This year the Indiana Black Librarians Network will celebrate 20 years as an organization. We stand as an organization that provides a place of support, learning, mentorship and information exchange for Black librarians and our allies. We encourage anyone who wants to learn the richness of our Black librarians working in the state of Indiana to follow and support IBLN through membership, donations and attending our programs. We know that much change is needed to make our profession live up to the myth that librarianship is the cornerstone of democracy. We can only move in that direction if we acknowledge our white supremacist past and its lasting effects. That we call on white librarians to do their part in dismantling white supremacy in our profession and our professional organizations.
Here are our demands for ILF:
There needs to be a strategic effort to hire and retain Black librarians in the state of Indiana.
Intentional outreach to diverse librarians with ILF in leadership and programming. They can work with IBLN members to increase their diverse programming and outreach that amplify the voices and concerns of Black librarians in the state of Indiana.
Set up a scholarship program supporting diverse populations. We need to eliminate the monetary barrier for Black librarians to enter into the profession.
Anti-racism training for ILF leadership and members. This will help Black librarians and other librarians of color feel more comfortable working with ILF leadership and its members moving forward.
These demands are not meant to be easy. These demands are not meant to absolve the harm that has been done. These demands are to create a new path forward that breaks the cycle of white supremacy in our profession so that we all can thrive.
Find more information about IBLN at our website: http://indianablacklibrarians.net
Follow us on Facebook: https://www.facebook.com/INBLN
Library History and Library Historians During COVID-19: Reports from the Field
Libraries: Culture, History, and Society (https://www.psupress.org/Journals/jnls_LCHS.html) and LHRT News and Notes (https://lhrtnews.wordpress.com/) unite and provide writing opportunities for a global community of scholars, practitioners, students, and retirees interested in library history. As we all near the one-year anniversary of remote teaching, service disruption, and quarantine brought on by COVID-19, the editors invite your reflections on how the pandemic has affected our discipline and how it has changed members of the library history community as human beings. For the Fall 2021 (volume 5, number 2) issue of LCHS, and for the 2021 cycle of News and Notes, we will publish brief, personal essays from our readers describing and reflecting upon their experiences of the past year.
Essays should be 500-3,000 words (roughly 2-7 pages, 12-point font, double-spaced) and written in the first-person point of view. Citations/endnotes are not required unless there are quotations. Please send your submission by Friday, April 20th, 2021 to LCHS@press.psu.edu . All submissions will be editorially reviewed. Up to six essays will be selected for publication in LCHS; others may be forwarded to News and Notes.
While COVID-19 has touched virtually everyone, it has done so in very different ways. Many of us are still living through the pandemic. Some have made sense of everything we’ve seen, heard, done, or felt; others have not. Thus the editors welcome submissions that describe positive, negative, mixed, and ongoing experiences. Essays may take either professional or personal points of view (or both) and may be certain or uncertain in their conclusions. Possible topics include, but are not limited to:
*How the pandemic has affected your research plans
*Use of digitized collections for library history research
*New projects or lines of research prompted by the pandemic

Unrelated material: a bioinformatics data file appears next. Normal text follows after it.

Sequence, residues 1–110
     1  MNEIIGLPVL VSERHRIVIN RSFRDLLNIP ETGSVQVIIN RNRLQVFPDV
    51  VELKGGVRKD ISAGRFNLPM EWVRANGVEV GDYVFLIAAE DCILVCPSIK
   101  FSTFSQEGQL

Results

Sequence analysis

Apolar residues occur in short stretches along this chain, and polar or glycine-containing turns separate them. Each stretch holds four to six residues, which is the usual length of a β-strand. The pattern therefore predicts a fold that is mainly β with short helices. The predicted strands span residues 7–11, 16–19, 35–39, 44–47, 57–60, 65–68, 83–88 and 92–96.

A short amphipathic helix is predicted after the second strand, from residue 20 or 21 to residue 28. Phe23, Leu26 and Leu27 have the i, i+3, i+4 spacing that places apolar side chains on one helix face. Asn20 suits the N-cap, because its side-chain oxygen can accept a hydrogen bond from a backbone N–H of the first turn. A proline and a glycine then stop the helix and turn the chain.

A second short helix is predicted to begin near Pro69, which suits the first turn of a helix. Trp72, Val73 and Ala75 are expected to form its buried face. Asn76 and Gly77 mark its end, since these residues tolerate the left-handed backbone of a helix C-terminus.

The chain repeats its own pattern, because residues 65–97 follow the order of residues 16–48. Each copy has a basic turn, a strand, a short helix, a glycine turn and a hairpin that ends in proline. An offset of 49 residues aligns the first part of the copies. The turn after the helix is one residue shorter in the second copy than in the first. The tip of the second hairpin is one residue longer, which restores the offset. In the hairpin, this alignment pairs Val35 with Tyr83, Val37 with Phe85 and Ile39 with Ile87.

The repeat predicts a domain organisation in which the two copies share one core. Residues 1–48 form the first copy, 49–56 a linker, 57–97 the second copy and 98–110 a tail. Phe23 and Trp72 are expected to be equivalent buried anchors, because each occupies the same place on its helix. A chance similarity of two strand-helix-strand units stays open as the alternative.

*Challenges and opportunities of professional networking
*Using archives and rare materials during quarantine
*Efforts to document closures, curbside service, and libraries’ other historic experiences
*Personal challenges, such as social isolation or work-life balance
*Gender, race, class, and other perspectives on being a historian, researcher, or librarian during COVID
*Pandemic-related stories that point to larger truths
*Lessons learned and insights gained from the pandemic
The UC Davis Libraries and the Librarians Association of the University of California, Davis Chapter is hosting a special Zoom talk by Dr. Renate Chancellor – Libraries, Leadership and Social Justice: Lessons from E.J. Josey – on Wednesday, February 10, at 1:00pm PT (details below).
LIBRARIES, LEADERSHIP AND SOCIAL JUSTICE: Lessons from E.J. Josey
Librarian, educator and activist E.J. Josey stands out within the broader social and political landscape of civil rights for his courage and leadership in desegregating the library profession. As president of the American Library Association (ALA) from 1984 to 1985, he successfully drafted a resolution preventing state library associations from discriminating against librarians of color — an act considered by many to have desegregated the ALA.
During this online talk, Dr. Renate Chancellor, author of E. J. Josey: Transformational Leader of the Modern Library Profession (2020), will seek to answer the following questions: How did Josey transform the modern profession? What lessons can we take from his leadership and apply today?
Renate Chancellor is Chair and Associate Professor in the Department of Library and Information Science at the Catholic University of America. She received her Master’s and Ph.D. in Information Studies from UCLA. Dr. Chancellor’s research focuses on human information behavior, organizational leadership, social justice in library and information science, and library education at historically black colleges and universities. She has published in scholarly journals and presented her research in national and international venues. Recent publications include: E.J. Josey: Transformational Leader in the Modern Library Profession; Racial Battle Fatigue: The Unspoken Burden of Black Women Faculty In LIS; Struggling to Breathe: COVID-19, protest and the LIS response; and Libraries on the Frontlines: Neutrality and Social Justice. She is a recipient of the Association for Library and Information Science Education (ALISE) Leadership Award and the ALISE Excellence in Teaching Award.